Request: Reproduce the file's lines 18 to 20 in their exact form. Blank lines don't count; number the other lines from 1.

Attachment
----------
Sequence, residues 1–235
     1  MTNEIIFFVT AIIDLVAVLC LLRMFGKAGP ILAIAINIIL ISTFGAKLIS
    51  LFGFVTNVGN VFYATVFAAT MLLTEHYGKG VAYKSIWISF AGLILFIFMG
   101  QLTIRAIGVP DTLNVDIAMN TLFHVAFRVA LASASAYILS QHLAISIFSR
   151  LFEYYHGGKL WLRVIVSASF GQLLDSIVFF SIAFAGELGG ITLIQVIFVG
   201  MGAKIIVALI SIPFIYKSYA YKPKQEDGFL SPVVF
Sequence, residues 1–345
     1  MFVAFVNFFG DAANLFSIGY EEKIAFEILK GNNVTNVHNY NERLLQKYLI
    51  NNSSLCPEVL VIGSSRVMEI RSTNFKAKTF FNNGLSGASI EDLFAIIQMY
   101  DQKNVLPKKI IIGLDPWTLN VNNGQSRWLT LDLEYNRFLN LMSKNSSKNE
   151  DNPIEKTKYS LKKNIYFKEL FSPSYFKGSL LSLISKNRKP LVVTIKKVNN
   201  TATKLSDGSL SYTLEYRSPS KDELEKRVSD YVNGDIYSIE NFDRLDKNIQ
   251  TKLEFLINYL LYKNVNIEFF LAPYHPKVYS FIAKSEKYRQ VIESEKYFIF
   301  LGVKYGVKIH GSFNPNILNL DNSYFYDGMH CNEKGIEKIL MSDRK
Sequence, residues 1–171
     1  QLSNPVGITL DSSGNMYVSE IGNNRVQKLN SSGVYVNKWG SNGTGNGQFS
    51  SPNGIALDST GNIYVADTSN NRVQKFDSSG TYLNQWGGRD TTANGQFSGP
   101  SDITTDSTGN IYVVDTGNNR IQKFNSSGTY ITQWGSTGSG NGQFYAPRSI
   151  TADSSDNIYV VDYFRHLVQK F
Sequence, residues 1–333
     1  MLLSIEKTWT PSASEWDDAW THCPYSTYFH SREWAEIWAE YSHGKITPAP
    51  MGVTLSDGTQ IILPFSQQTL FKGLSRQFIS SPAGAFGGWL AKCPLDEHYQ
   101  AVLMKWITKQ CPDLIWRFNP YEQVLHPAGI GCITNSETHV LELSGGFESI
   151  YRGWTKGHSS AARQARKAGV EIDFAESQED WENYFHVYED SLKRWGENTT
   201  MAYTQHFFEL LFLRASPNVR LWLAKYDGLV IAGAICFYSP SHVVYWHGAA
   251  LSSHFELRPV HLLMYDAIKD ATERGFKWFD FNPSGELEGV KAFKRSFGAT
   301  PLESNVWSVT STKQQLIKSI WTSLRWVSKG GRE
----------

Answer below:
   101  SDITTDSTGN IYVVDTGNNR IQKFNSSGTY ITQWGSTGSG NGQFYAPRSI
   151  TADSSDNIYV VDYFRHLVQK F
Sequence, residues 1–333